Saturday, March 7, 2020

Impact of Science on Society Essay Example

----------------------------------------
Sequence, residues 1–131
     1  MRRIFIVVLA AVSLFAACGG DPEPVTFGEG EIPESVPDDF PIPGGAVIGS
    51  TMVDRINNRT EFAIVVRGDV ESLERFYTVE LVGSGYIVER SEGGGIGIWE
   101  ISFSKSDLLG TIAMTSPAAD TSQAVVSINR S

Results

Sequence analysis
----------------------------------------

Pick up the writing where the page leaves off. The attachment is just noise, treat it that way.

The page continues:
Impact of Science on Society Essay Example Impact of Science on Society Essay Impact of Science on Society Essay the sky was made up of eight concentric crystalline spheres, each one carrying a planet and the outermost one carrying the stars, which were supposed to rotate east to west. This circular motion, being heavenly, was perfect-except for these planets going what looked like backwards from time to time. Well, that particular little inconvenience was solved by putting each planet in a littie epicycle, or mini-orbit, spinning round and round while still remaining attached to its own individual main phere, which still rotated east-west like it was supposed to. That way, the planets only appeared to go backwards sometimes. The real explanation, that the Earth was moving as well and that this caused the appearance of retrograde motion, was unacceptable within the cosmological paradigm that was still operative in the Renaissance. It was unacceptable because it would have had philosophical and theological implications that were too hot to handle. The Bible would have been seen to be wrong, for example, because it said the Earth didn’t move. So epicycles fit the bill, and kept things the way they were supposed to be. However, you had to have over 70 of them, and even then they didn’t work absolutely perfectly. â€Å"Saving the appearances at all costs† in that way is generally how we react to little inconsistencies in our paradigm. If your paradigm is the rock of ages for you-and it always is-then you let go of it only with immense reluctance. We are, paradigmatically speaking, extremely conservative. Look at how often change is fought in history. Here’s an example that always tickles me. The chain of events back in the twelfth century that set Europe going economically after the Dark Ages was essentially the textile revolution. A new loom came in from Arab Spain. It had foot pedals, which left the weaver’s hands free to weave faster and make more cloth cheaper. The Dutch weavers smashed the thing up because it would have put people out of work. (That was a new idea in the twelfth century. ) A generation later, when the dust had settled, in came the spinning wheel from left field-a total surprise from China. It made thread very much faster than before. When the wheel and the loom were put together, the production of cloth skyrocketed. So there were more riots, because the cloth was linen, which was 8 T h e Legacy of Science made from a plant and was cheaper than feeding sheep and making wool, so the rioters were sheep farmers. But soon everybody was wearing linen, because it was cheap, and throwing it away when they wore holes in it. So there was this giant pile of linen rag lying around fourteenth-century Europe. The price of paper dropped like a stone, because linen rag paper was the best ou could make. There were more riots-sheep farmers again, because parchment was sheepskin, and it had become too expensive to use. So here was enough paper around to put o n the walls, and the scribes were going like gangbusters and pretty soon they were on strike for higher wages because it was a seller’s market. Everybody wanted their paperwork done because the Black Death was just over and everybody was inheriting like crazy. There jus t wasn’t enough writing ability to go around, until Gutenberg came along in 1450 with the printing press. Now this was something the Church wanted like a hole in the head, because it would encourage free thinking-until they realized that you could print indulgences with it. People bought the indulgences, because when they did that they got remission of some sins. With all the demand for instant salvation that followed, the Church made a million-money to build the Vatican, pay Michelangelo’s bill, and generally get involved in prestigious projects that made certain German clerics really mad at this consumerist, moneymaking approach to religion. One of these Germanic chaps nailed up his criticisms, and there was the Reformation. It’s a little oversimplified, maybe, but you get my drift. People in general would rather fight than switch. So, to repeat myself, if the paradigm fits and people resist innovation, why does change happen at all? Well, let me give you some examples of the mechanisms that operate to produce change, and you’ll see why it isn’t that simple. To begin with, often you just don’t know change is coming. Even if you’re personally involved, you may be looking the wrong way at the time, like young William Perkin of London in 1856. Around then, everybody wits looking for benzene rings and chemistry was the flavor of the month, and Perkin, a chemist, was trying to be the young science hero who would save the great British empire by discovering the way to make artificial quinine chemically. You see, 9 The Impact of Science on Society our administration and army chaps were dropping like flies out in the Far Eastern colonies because of malaria, and artificial quinine would have fixed things up right. Besides that, we were having to buy natural quinine from the Dutch in Java, and they charged an outrageous price for it. So that great motivator, money, was also at work. Well, after a bit Perkin came up with some interesting sludge, but one thing it wasn’t was artificial quinine, so he threw it down the sink, and discovered that he had invented the world’s first aniline dye. Made a million. Sometimes, though, you may be looking in the right direction, but you don’t see what’s happening. In 1778, just after you people had gone off on your own and left us with no more South Carolina pitch to put on the bottom of our ships to protect them from rot, the rather seedy ninth Earl of Dundonald in Scotland thought up a plan to recoup the family fortunes by getting tar out of the coal from a couple of mines on his land. This tar would replace the pitch and make Dundonald a rich man. Unfortunately, the British government had already shifted to copper-bottoming its ships, so Dundonald’s coal-heating kiln, where he made the tar, was useless, and so were the vapors he had been watching coming out of the kiln. In fact, he’d even been lighting them and generally playing around, shooting flames out of a tube. He happened to mention this to his friend James Watt, and three years later, Watt’s sidekick â€Å"invented† coal gas. Dundonald died in poverty. However, even when you get what you’re looking for and you know you’ve got it, things can go haywire. Take Benjamin Huntsman, clockmaker, looking for a better clock spring in 1740 because pendulum clocks were no good at sea and you needed a clock to work out longitude, and in an era of great maritime expansion east and west, longitude was kind of essential. Now Huntsman happened to live near a glass works, and he saw the glassmakers putting in chips of old broken bottles, doing hightemperature remelts, and coming out with really great glass. So he tried the trick with steel. It worked, and there was what he wanted, the world’s greatest spring. The point was, Huntsman’s steel would also cut anything you could think of, so what it did for the lathe, and machine tools in general, and micrometers, and precision engineering, and steam engine cylinders, and the whole Industrial Revolution was something nobody could ever have 10 The Legacy of Science reamed of-least of all Huntsman, who sat there saying, â€Å"What happened? † Sometimes the catalyst for major change will simply come in, totally unexpectedly, from outside your paradigm. Take the case of the compass. It came in from China via the Arabs in the twelfth century. Nothing much happened until Sir Francis Drake came back from over here complaining about the way the needle did funny things when you got across t o this side of the Atlantic. Queen Elizabeth’s doctor took time off (18 years) to look at why, and decided that the Earth was a gigantic magnet with poles. OK, so what? Well, to carry out his experiments, he built himself a lot of balls of various substances-lodestone, amber, sulfur, glass, and so on-to represent the Earth, so he could see what they did to his compass. As he busily rubbed these balls to make them attractive to his needle, he noted somewhat disinterestedly that sulfur was very attractive, and added a minor footnote to that effect. Around 1640 the mayor of Magdeburg in Germany, one Otto Guericke, read the aforesaid footnote and tried the trick again. While he was rubbing his sulfur ball one day to make it attractive, it cracked and gave off a spark, and-yes, you guessed it-electricity. From the compass. From China. Even if you’d spoken Chinese you wouldn’t have seen that one coming! One of the most common ways change is generated is through interaction between one factor and another, and usually in unexpected concatenations. Take the skills a goldsmith has. He’s good at working soft metals and using molten alloys, and the hallmark of a good goldsmith is just that, his hallmark, the punch that puts his impress on his work. If you are capable of seeing that punched image in reverse, you can see how to cast a shape in the pattern made by the punch. And the pattern could be a letter, in metal, which is why printing was invented by a goldsmith-that’s what Gutenberg was. This interaction that can lead to change is often caused by imbalance, a kind of domino effect. The well-known modern one is that of the superplants. They give great yield-better than the old, less productive types. But they replace variety with a monoculture, and, if disease hits that, you’ve got no fallback. That kind of domino effect-the knock-on effect of imbalance in one area upon another-gave us one of the major scientific 11 T h e Impact of Science o n Society discoveries in history. When cannons started being popular in the mid-fourteenth century, they pushed up the demand for metal, and that got people deeper into the ground than before. One of the things they found was that the deeper you go, the wetter it can get, and the old suction pumps wouldn’t lift the water up higher than about 30 feet. Well, this problem caused all sorts of grief until one of Galileo’s boys, called Torricelli, worked out that it had something to do with atmospheric pressure. A friend of a friend of his went up a mountain with a tube of mercury to see if pressures were different up there and down here. Well, they were, but what was the gap at the top of the tube full of mercury? It was the thing everybody said didn’t exist-the vacuum. And suddenly you had barometers, airpumps, a new view of interstellar space, and a very different basis for science. Now, the mechanism by which change can be generated isn’t by any means always a technology-technology interaction. Take the ultimate effect of the telescope. When Galileo looked through it he saw satellites circling Jupiter. That blew a hole in the Earth being the center of everything, took humanity off its special philosophical pedestal, and prepared the way for a universe that wasn’t arranged the way Aristotle had said, but the way Newton was to say-like a giant clock, running by itself, with God maybe long gone on other business. Religion took a knock from that from which it never fully recovered. The German mathematician and businessman Gottfried Leibniz, working on the planetary dynamic problem at the same time as Newton and looking at the kinds of mathematics you’d need to measure infinitesimal rates of change in movement, decided that he had his hands on a tool of cosmic philosophical significance. If you could measure that infinitesimally, were you getting to be able to measure the basic units of existence? If you were, said the philosopher Immanuel Kant a bit later, you could discover and measure the way all things shaded into all other things at that scale. The new philosophy became known as. naturphilosophie. Its concept of â€Å"oneness in all† spawned romantic poetry and music, nationalism, and revolutions including yours. It won’t surprise you to know that Jefferson wm a naturphilosophe. Naturphilosophie also helped to bring about modern medicine. In 1810 a French surgeon named Xavier Bichbt, another follower of the new philosophy, went looking for the vital, infinitesimally small bits in his I 12 T h e Legacy of Science business, and found body tissue-20 types of it. Incidentally, he set the fashion for grave robbing and also noticed that, if you were sick, changes showed up later on in the tissues of your unfortunate corpse. Maybe these happenings could be correlated. So pathological anatomy was born, and with it the modern idea of disease as a localized phenomenon, as well as the opportunity to look for, and find, bacteria. Canal building, spurred by the transportation needs of the industrial revolution in Britain at the beginning of the last century, turned up fossils in the strata they were cutting through. However, mysteriously, some of the fossils were of animals that didn’t exist any more, and most of the strata didn’t have fossilized humans in them. Well, here was a big problem! God was supposed to have made everything a t once, during creation, and yet here were some animals that obviously had failed, and no people back at the beginning of everything. So what was this-mistakes by God, with some things having been created later than others? Well, you know where that led. By the time the geologists had finished discovering that the extent of the entire fossil record through time was like an eyeblink compared with the age of the Earth, it was a simple matter for the whole thing to be organized into a new view of things by Darwin. This brings us to the materialist, physicalist world we live in today, where people maybe aren’t something special created by God in his own image but just a pile of chemicals. This is also a world where one interpretation of what Darwin meant by â€Å"the survival of the fittest† boosts rugged individualism and makes life not so easy on the underprivileged, and where his idea of â€Å"perfectable humans behaving according to laws like the rest of the organisms in nature† and, therefore, being part of societies that perhaps can be â€Å"changed for the better† is alive and well and regimented in the Siberian labor camps. I went through all those examples of change in action at length to give you a good idea why, when paradigms start to shift, the unexpected way they go is a shock to the system. This is why any time you do manage to produce a way of thinking or of doing things that seems to work well, you hang onto it. If you can work out a way to maximize what your society can do with the tools at its 13 T h e Impact of Science on Society disposal-give it the widest flexibility in terms of individual action and at the same time protect it from random, maverick action with some kind of rules-great. That’s why the institutions survive; they’re set up with the tools of the time and they’re systems that permit routinization of the group’s operating problems SO the individual members can get on with working or having fun while the institutions handle the day-to-day running of the place. So we keep the institutions that appear to do a good enough job because it’s easier than handling the problem of assessing how well whatever new tools you might have come up with could handle the same basic daily problems in radically restructured institutions. So never mind if the institutions don’t quite fit the new paradigm you’re moving into with your new tools; it’s better than experimenting. Corn, after all, is only corn because it’s stood the test of time. So most of the institutions we live with are, in some aspect or another, anachronistic. Take the law. Cross examination originated far from the courtroom, as a teaching technique in eleventh-century Italy for making sense out of old manuscripts. The technique was called glossing. Another institution, the language I’m speaking now, effectively froze when it was printed in grammars in the fifteenth century. The modern university started life as a place in twelfth-century Bologna designed to train lawyers to handle jurisdictional and property cases, particularly between the Pope and the Emperor. Many of the internal structures of our universities, at least in Britain, remain unchanged since that date. Representational government is something that was thought up in the eighteenth century when only the foolhardy few would risk the mud and the bandits to get to London or Philadelphia. We hang onto institutions as if they still meant what they did originally, as if the paradigm in which they originated hadn’t shifted. We accept politicians talking about what they can do to the economy as if the world still consisted of independent, separate sovereign states whose acts had no effect on each other, or as if the meaning of fundamental beliefs had not changed. One good example is yours: â€Å"Life, liberty, and the pursuit of happiness† means nothing like what John Locke meant when he thought about it in the seventeenth century. Our freewheeling adaptation of t today would have shocked him rigid. â€Å"Liberty† for Locke meant 14 The Legacy of Scaence knowing and accepting where you stood in society and sticking to the rules that governed social class mobility, such as it was. â€Å"Happiness† meant amassing property and riches without being bothered by government! He would have thought we were living in anarchy. Be that as it may, we regard the institutions and their associated slogans as helping to preserve cohesion and stability in our paradigm-except that this is a cohesion and stability which is, as you’ve seen, at best transient. Once the French philosopher and permanent exile Rend Descartes got his hands on the way we in the West thought, stability and permanence went out the window. Before Descartes and his seventeenth-century paradigm shift, you said credo ut intelligam-I believe, and through my belief I come to understand. After him you switched it around: intelligo ut credam-give me the facts and I’ll let you know. In his great Disc o w s Sur la Methode (or, â€Å"how to think†), he gave us the modern approach. He called it methodical doubt. He said, â€Å"If they tell you it’s certain, call it probable. If it’s probable, call it possible, and if the deal is that it’s possible, forget it. † And Cartesian methodical doubt is the engine of the modern scientific world and the bringer of accelerating rates of change. So, where have we ended up? If the mechanisms of change are as serendipitous and as hard to second guess as I have suggestedand we are, thanks to Descartes and others, in a world of increasing rates of change-are there any lessons to be learned from the past to help us at least adapt? Is it true that those who are not prepared to learn from the past are condemned t o repeat it? Do we really only know where we’re going if we know where we’ve been? Well, there are repeating factors, back then, that seem to be present when change occurs, much the way cholesterol is with heart attacks, present and only maybe causative. First there’s the one that appears to be the most obvious, that change happens because you need it-â€Å"Necessity is the mother of invention† and all that. There’s an interesting study of Europe up through the late Middle Ages that seems to show that innovation happens and is taken up most in areas of marginal circumstances and stress, and least where things are pretty comfortable. Let’s look at the ancient Egyptians. When you’ve established the simple fact that once a year the Dog Star, Sirius, appears just 15 T h e Impact of Science on Society before dawn (after having been invisible for seventy days) and one day later the Nile floods and dumps fertilizer and water on the land, and that it does so with extraordinary exactness every year, you develop a calendar just to tell you which day Sirius is going to appear, dig your irrigation canals, and sit back. That’s all you need in the way of new tricks, so Egyptian society never changed after that initial step. It never needed to, in 3000 years. But the ancient Greeks? Well, put yourself in their position. In the eighth century B. C. you live on narrow coastal strips in what is now modern Turkey, in littIe city states with just enough to survive on. The weather is lousy and uncertain, and the barbarians are clobbering you with regularity. You’ve got to get out and trade, make a buck, just to keep going, so you think up ways of systematizing the method of hustling business. You look up at the sky, and what you see is not Sirius rising and nothing else; you see a great road map for your seaborne traders to use. You work out star tables to navigate by, and the more you look, the more you see that the permanent perfection of the night sky is a lot different from the temporary mess down here. So curiosity becomes a way of life. No wonder the Greeks invented their particular form of curiosity. (They called it philosophia. ) It’s what you get when you’re looking for answers. In a sense, it was Greek philosophy, born of their difficult circumstances, their desire for answers to questions, that started change happening in Western culture. What got it accelerating, though, was something else, and that’s the ease with which people communicated, moved ideas around. The easier you cross-talk, the faster change happens. Take medieval Europe. When the Vikings and the Saracens and the Hungarians stopped the rape-and-pillage stuff in the tenth century, people started coming out of the woodwork and building little roads toward each other and traveling along them. The next thing you know, you got the medieval water-powered industrial revolution, which kicked the European economy into high gear within three generations. In the Renaissance, a hundred years after the arrival of printing, you had 20 million books, most of them in specialties that could only exist when the specialists had a way of reading each others’ stuff. This gave us nothing less than the scientific revolution of the 16 The Legacy of Science sixteenth and seventeenth centuries, and a slew of people talking the kind of incomprehensible stuff most of you live with in your area of expertise. Don’t be insulted; how much do you understand of the language of paleontology? Specialization is essential. I’d hate to have flown here in a plane designed by a plumber. To return to my point about communication, in the nineteenth century, after the development of electromagnetic systems for moving messages around (Le. , the telegraph and the telephone), the whole body of modern science emerges-in particular, physics. So, the ability to communicate seems to be a basic factor in the mechanism of change, and we have communications today that make earlier forms look like hieroglyphs painfully chiselled out in stone. New developments in areas like magnetic bubble domain memories and superconducting materials will enhance our ability to use data beyond anything we’ve even begun to think of. With our present facility for communication, we’re doing more of one particular trick than at any time before. And that trick, it seems to me, is putting things together. Let me suggest a new axiom: juxtaposition is the spice of life. Humanity’s biggest talent, unique t o us, is juxtaposing, finding and operating novel relationships between things or ideas. Indeed, at the turn of this century in Vienna, a group of thinkers who were to have a profound influence on Einstein (the positivists, led by Ernst Mach) came t o the conclusion that all science could talk about was relationships. This was after Michelson and Morley had failed to find the ether. You remember that up in Cleveland in the 1880’s the two of them were looking for a medium that would be the carrier of light, magnetism, and electricity. Everybody called this medium â€Å"ether. † Well, Michelson and his friend were trying to show that the two halves of a split light beam would come back together again, out of phase, because one-half had been shot in the direction of the Earth’s travel against the so-called stream of ether) and would take a while, and the other, which had gone perpendicular to the ether, and so wouldn’t suffer drag, would return early. Actually, there had been no difference at all. The beams arrived back simultaneously. Then Fitzgerald, in Dublin, made things worse by saying that this was because the forward motion of the Earth was contracting one part of the instrument exactly the right amount to give the 17 The Impact of Science on Society forward-moving beam a shorter route to travel, so it could get back exactly that much faster, and match its other half. And, the experiment could never be carried out without that happening. SO, whether or not there was an ether, you’d never be able to find out, since all you could get would be the local-effect results from your work. That led the positivists to state that science could only ever produce relative, not absolute, results. All you could talk about was relationships. But I mean relationships in a rather more limited sense-the sense of the way properly original thinking involves juxtapositions that have never happened before. Of all the mechanisms of change, it seems to me that this is the fundamental one, the on-the-spot local â€Å"fitting together† of disparate phenomena that comes up with the kind of changes I’ve been describing. This ability to juxtapose is not a very surprising one; it’s logical enough in the light of our own neurophysiology. Recent ideas on neural activity suggest that the brain operates in a very associative way, with small neuron clusters containing core concepts, rather in the way a battery holds a trickle charge. These core concepts would be irreducibly small fragments of sounds or sights, or any phenomena that you experience. And these clusters are all, in some way, apparently interconnected, set up in microcolumns and macrocolumns, each column made up ofmillions of these lit,tle clusters of neurons. Now, if you consider that the brain passes information by means of synaptic junctions (the bits where one neuron almost touches another) and that there are potentially more of those kinds of connections in the brain than there are atoms in the known universe, you get a feel for the immensity of the network. With this ssociative system, to retrieve data, you go in, so to speak, anywhere on the network and find the target by association. Given the scale of things, an associative approach might be the only way the whole huge complex could work. Anyway, retrieval by association would be a good survival mechanism, because it would make you very flexible. The other interesting thing about functioning in that associative way is that as you head along the associative links toward the target, you may become aware of other core clusters that you weren’t aware of before, because in a sense you simply drive through them. That, in the simplest sense, would be why the brain is 18 The Legacy of Science i capable of associative chains of thought like this one: look, see, water, glass, mirror, image, painting, oil, Arabs, desert, sand, castle, and so on. It’s why poetry works: â€Å"What oft was said but ne’er so well expressed. † Jokes appear to work like that too; the punch line makes an association you hadn’t thought of before, and you laugh because you didn’t get to the new associative link before the person telling the joke (which is bad for survival, but, as it turned out, you weren’t in any danger). Let me try what I mean. Take the concepts â€Å"bird† and â€Å"fruit. † All of you have those concepts associated in your own personal way in your network. I don’t know whether it’s like mine, with â€Å"bird† and â€Å"fruit† associated by â€Å"trees,† but let me see if I can put those two concepts together in a way that they’ve not been put together in your brain before, and we’ll see if my theory works. A drunk goes up to his host at a party and says, with all that clarity used by the very small and young: â€Å"Excuse me. Do lemons whistle? † To which his host replies: â€Å"No, lemons don’t whistle. Why do you ask? † And the drunk says, very chagrined: â€Å"Oh. In that case, I have just squeezed your canary into my gin and tonic. † You see what I mean. What I’m saying is that the basic mechanism of change-the juxtaposition, in a novel relationship, of apparently unrelated phenomena- may operate in the same way a good joke does! It may also be why change is almost always so serendipitous and unexpected-and hard to forecast. Given all I’ve said so far, let me be extremely speculative. We’ve seen how the model I’m talking about functions, and some of the ways in which it’s changed. We’ve seen how difficult it is from within the paradigm to see why moving to a new model would be beneficial-â€Å"Better to keep the devil you know. † We’ve seen that when paradigms are about to crack, there’s generally some social unrest going on. In Copernicus’s time it was barbecuing freethinkers (they called them heretics). With Darwin it was supposed to be the end of beliefs and standards. In the thirteenth century they said paper would devalue the words written on it, and for Gutenberg it was, â€Å"Printing will take away our memories. With us, it’s all the words you see in the media: alienation, frustration, me-generation, immorality, illiteracy, and so on. So is our paradigm about to go through some of the agonies I’ve 19 T h e Impact of Science o n Society been describing? Is it due t o shift? Well, obviously it is. But let me suggest that instead of moving to a radically new paradigm, we may, because of the tremendous faci lity for interaction that communications gives us, be moving to a no-paradigm culture. If a paradigm is, and has always been, a structure built on an agreed core of common beliefs, knowledge, value judgments, social constraints, and so on, then are we heading the opposite way, to a situation of no common agreed center, of shifting, pragmatic local standards, with failure of what we used to call consensus and regionalism globally on the increase again after the early years of P a x Americana, with the nation-state obsolete, and so on? We would be a society physically and psychologically fragmented, because with soft energy options and telecommunication, â€Å"centralization† and â€Å"economies of scale† (those catchwords of the last years of the Industrial-Revolution paradigm we’re coming to the end of) are no longer necessary. To those of us condemned to repeat the lessons of history because we won’t learn from them, what I’m describing sounds like a frightening prospect. Chaos is what it sounds like, but isn’t what’s happening just a paradigm shifting (like all the others did) because we’re ready for the shift? Change occurs ultimately because we want it to. We have the tools because at some time we decided we wanted them. These new tools, provided by science and technology, are more than just tools-they’re instruments of social revolution, violent or peaceful. As the tools change, so too does the ability of society to organize itself. Once we needed god-kings, or feudal lords, or absolute monarchs, or no sex before marriage, or empires, or 12-hour days, or whatever, to keep ourselves together. Now, maybe, we don’t need centralized social structures and rigid regulatory mechanisms any more. We are, after all, as Immanuel Kant said, creatures of the imperative. If the ethics start to get in the way, we dump them. But let’s take a brief look at the kind of behavioral social dumping we may be up against with some of the possible results of our newfound abilities t o initiate change much more readily and rapidly because we can juxtapose things inside the computer, where we have a facility for juggling the mix like never before, at a rate and in volume almost astronomical. And, by the way, for those of you who feel nice and safe because of the old sayings â€Å"Garbage 20 The Legacy of Science in, garbage out† and â€Å"A machine is only as good as the people punching the buttons,† try some of the newer heuristic systems that learn from their own experience. The main thing, it seems to me, is to remember that technology manufactures not gadgets, but social change. Once the first tool was picked up and used, that was the end of cyclical anything. The tool made a new world, the next one changed that world, the one after that changed it again, and so on. Each time the change was permanent. Using the tool changes the user permanently, whether we like it or not. Once when I was in Moscow talking to academician Petrov, I said, â€Å"Why don’t you buy American computers to get you into space quicker and more effectively? † He replied, â€Å"No fear; they’d make us think like Americans. † You only have to go back a few years in this century to see how our gestalt, our way of behaving, our values, have been changed by science. If I say just a few names, you’ll get my point: the Pill, calculators, jet airplanes, television. Take those examples and look at their secondary social effects. Yes, the Pill has made family planning feasible, but now the Third World regards it as a suspicious imperialist Western trick to keep their numbers down while we go on with our â€Å"economic imperialism. † Calculators have changed the meaning of testing people in certain kinds of knowledge, which we need to do to ensure publicly accepted standards of professional ability. Jets mean people can now fly and visit the ends of the Earth, but they also mean that we export our way of life and our sometimes unacceptable value systems to places that neither want nor need them. Television makes my life one of totally vicarious experiences. It gives me packaged glimpses of the world beyond my horizons, takes away my comfortable preconceptions, and replaces them with glossy, quick-fix substitutes that are even less good to me than my preconceptions were. All I know now is that I don’t know! To get back to my â€Å"dumping† idea, you see how the gadget changes more than just what the ad says it will do. With our rates of change, the only constant in our paradigm may well become change itself. All you can be sure of about tomorrow is that it will go on being different, and, if you’re lucky, only at the same accelerating rate. Above all, the judgmental systems from the old paradigms may 21 The Impact of Science on Society not work in that world. Today we are, in fact, the last of the old world, living with institutions that are already creaking, facing twenty-first-century problems with nineteenth-century attitudes. Most of us find difficult to accept what we might have to dump. We face questions like these: If criminality is caused by XYY chromosomes, who do you blame for a crime, and why do you punish at all? When everybody has a home computer work station, what happens to unions, the infrastructure that runs the roads and transportation systems, the community life that â€Å"work in a central location† means, the new isolation of being alone most of the time? If data banks carry all the knowledge we possess, to be accessed at need, what will be the purpose of memory, of â€Å"knowing† anything? And what happens if what you got from the machine yesterday (what we’ll call â€Å"what you know†) is different when you go back to the machine today? If you have no expertise because expertise is no longer necessary, what are you left with? If technology provides virtually free energy, with the ability to turn anything into anything else (which we can already doit’s just too expensive to be feasible), and we no longer need the raw materials we used to because we can now make them, what happens to the materials producers in the Third World? Unlimited energy, the so-called philosopher’s stone, brings far more questions than answers. Not the least of these is the new importance it will have for the planetary heat budget, which at the moment is pretty much only the business of nature. Well, my guess is (and here I remind you of the unquestionable value of any guess made from within the inevitable limitations of our paradigm) that we’re all headed for one of two kinds of future. In one future, we take on the new data systems the way we took on all the other tools in the past, with a view to making them do what we’ve always done up to now, only better, faster, and cheaper. In this case, I think we’re in for a dose of Luddite reaction as our social structures fail to take the strain of that much shift that fast in the working habits of the population, not to mention 22 The Legacy of Science the redundancies that come if all you do is replace people with machines. The other problem with that old-paradigm approach is, of course, that you do what Bell up at Yale says, and turn into a two-class society. You have the numerate, who have access t o and ability to maximize use of the data systems, and you have the leisured serfs, who don’t, and who get paid for a 10-hour week with nothing to do but wish they knew how to use their spare time. It has often been said that the public doesn’t appreciate the speed with which things have developed in data systems. I like the analogy that if your Rolls Royce had done what computers have done over the last 20 years, it would cost a dollar and do a million miles to the gallon. People, I think, just don’t understand the velocity with which this new post-Gutenberg era is coming toward us. The other future I mentioned is a good deal more difficult to forecast. It’s very much up in the air. All I can do is to be extremely speculative again. I suppose what I’m suggesting is a crash restruchring of the educational system. I’ve been a teacher myself, so I know how easy this is to say and how difficult to do. However, if we were to manage some kind of interdisciplinary curriculum that taught people not the facts, which would be obsolete before they used them, but how to use the data systems to juxtapose, to look for relationships in knowledge, to see patterns in the way things happen and affect their lives, then perhaps we would be moving toward a very different type of society, one free of a central paradigm at all. After all, the only need there ever was for a paradigm was based on the strictures placed on society by its contemporary tools-or rather, lack of them. Now we have a tool-electronic data systems-that could lift almost all of those strictures from us, that could create a society that might be pluralistic in the extreme, lacking in any of the virtues we now ascribe to concensus, materialistic in every sense, highly articulate, what we would call unethical and immoral (what it would call pragmatic), selfsufficient (what we would call isolationist), libertarian (what we would call permissive), and above all, open-minded, curious, and tolerant. Sounds like a weird mix? Well, you asked me here to speculate. But in one sense it‘s what we’ve been heading for all along-a kind 23 T h e Impact of Science on Society of controlled anarchy, kept in balance by the electronics. It’s the truest version yet of what John Locke meant by â€Å"the unfettered pursuit of happiness by every man. † And if the vision bothers you, remember that once we decide that the paradigm is shifting, we adapt extremely quickly. Your great-grandmother, after all, would have thought you a drug addict for taking an aspirin. Question: You discussed the future paradigm as perhaps being nonexistent. Is it possible that the paradigm might be evolving just as human evolution evolved to the point where it is reaching its own sense of oneness with its future? In other words, we are part of the paradigm and the paradigm is what is evolving. We are part of the evolution. Answer: The great thing about that question is that it’s unanswerable. I mean, by definition it’s shear speculation again. All we can do is talk about it because we’re inside the paradigm. These wild speculative guesses are set in concrete because they’re within my paradigm. If they sound wild you should hear what happens if you come from another planet. Question: At the end of your talk you quoted Locke and said we should all seek our own happiness. Happiness is a paradigm. We all live in dreams. Every person has his own idea of what happiness is. We have paradigms that are imposed on us by the world, but we each have our own paradigm. I don’t know what human life means without dreams that are paradigms. Answer: Yes, I think that’s very well said. All I was suggesting was that this might become more possible than in the past. I didn’t mean that you lose your paradigm. I meant that perhaps your paradigm becomes a little less constrained by everybody else’s paradigm. Question: As scientists working for the government we are often asked to forecast what new inventions we might come up with over the next year. I wonder what implications that has for our role in bringing innovation into the world. Answer: I think it’s a superb example of what I was talking about. The government decides to make you decide what you’re 24 The Legacy of Science going to discover, and if you don’t come up with it you lose the grant! Question: Of all the countries you’ve worked in, which one, in your opinion, provides the best education, and, in particular, how do you view education in the United States? Answer: That sure sounds like a quick way t o get my head chopped off! I think educational systems tend to be structured according to the societies in which they work. I mean, our educational system in England is extremely difficult, different from yours, and very elitest. A very small percentage of us go to university, and we’re used to choosing the subject that we study at university a t the age of 16. We specialize in only two subjects from ages 16 to 18, and we then take a national examination in those two or three subjects. Only one of those subjects is what we go to university for, if we pass a competitive examination to get a place at the university, and the ratio is usually about three or four hundred people to each place. Now, we have to have an elitest educational system like that because we are very small and we’ve become quite poor ever since we lost the jolly old empire. If we didn’t have that kind of high-quality turnout we wouldn’t have enough people producing enough stuff on the market for us to sell anything to anybody. So I think we have an elitest educational system not because it’s a hangover from the old imperial days, but because if we don’t produce a very, as it were, sharp-edged elite intellectually, we won’t be able to compete with giants like you on the market. Question: I would like to ask whether the, what shall I say, elite in Britain and perhaps in Western Europe believe in full employment not merely because of the necessity for having the things that people produce when they’re fully employed, but rather as occupational therapy for the masses, around the idea that idle hands do the devil’s work, and that whereas intellectuals can keep their minds occupied and out of mischief, the common man is not capable of this. George Orwell said something like this (and it’s not something I agree with), but I would remark that Eric Hoffer said the common man was lumpy with talents and could do all kinds of things besides produce goods and shouldn’t be viewed merely as a production machine. Can you speak to that, sir? 25 T h e Impact of Science o n Society Answer: Well, I can’t speak for all of Europe, but I think the French probably think that full employment’s essential and they’ve had four devaluations of the franc as a result. It seems to me that full employment is a relatively new phenomenon. We’ve slid over into economics, and I’m extremely worried-I think anybody with any sense and honesty always is, in that subject. However, I believe I’m right in saying that full employment is a twentiethcentury phenomenon. The concept didn’t exist to any great extent at all prior to that. And I think it probably came at the tail end of a very healthy, burgeoning post-Industrial Revolution in both America and Europe. I think what we’re seeing now is a transition period to what Bell calls a post-industrial society, and it’s a period aided and abetted, of course, by the recession, which is caused not by the fact that we can’t switch paradigms but because oil costs a great deal. I think the situation, fortunately for me, is so confused that no clear statement can be made on it by me or anybody else except a politician. Question: If I understand you correctly, it seem5 to me that you’re putting out the impression that our technology is running away from our society. In other words, it’s speeding up at a rate that we can’t quite keep up with. In the past, when this has happened to societies, some major upheaval has occurred, whether it be sociological or financial, economical, or revolutionary, like wars. Do you have any idea what is going to cause us t o catch up with our rapidly advancing technology? Answer: Well, I think part of what I said earlier indicates what I think about that. First let me just dispel any idea that I believe in the so-called force of technology. I mean, technology is what people do. You invent the tool because you want it, or because you perceive an imbalance or a need, or you’re just greedy. You say, â€Å"I want this piece of technology,† and it comes into existence and you use it. I think society gets technology as it gets governments that it deserves. Sometimes, but not very often, technology tends to go a little faster than our ability to keep up with it. I’m not sure that this has happened to any great extent in the past, but I’m sure that it’s about to happen now. I think anybody with any sense would recognize that electronic data systems are going to make a quantum leap in terms of the effect of juxtapositioning, as I said earlier. As to what we can do about it, it seems to me that the 26 The Legacy of Science only way to get into it is through the educational process. It’s too quick, and you can’t have a quick-fix answer. It’s no good teaching us what to do. I think you’ve got to begin with the children who are 4 years old now and start the process there. As I said, I just hope some teachers who are better than I am at organizing this kind of thing in education, which is tremendously difficult, will get on with it, but I can’t see any other way of doing that. We are up against a period of very difficult transition. Question: Being somewhat of a video game fanatic, I’ve noticed that extremely small children play video games much better than anyone else. They’re well adapted to the electronic age because they have far fewer preconceptions, apparently. The way things are going, it looks as if things are going to get less and less expensive and more and more reachable in terms of the spread of technology and the spread of knowledge. Everyone can learn. Even if we can’t feed everybody in India, we can teach them all how to read. Pretty soon everybody will have his own terminal. Now, over the years, one of the major complaints of the Third World, even the Third World in the United States, has been that they never had the chance to get a leg up because they were deprived from the start. So, could it be possible now that we really will achieve a parity of sorts because everybody will have the same chance once this technology becomes more equally spread? Answer: Well, it depends entirely on what regulations are applied to the use of the technology. If I live in a totalitarian state and I produce a computer you can bet the people who use it are going to use it in a very different way than they use it in Spokane. As Pe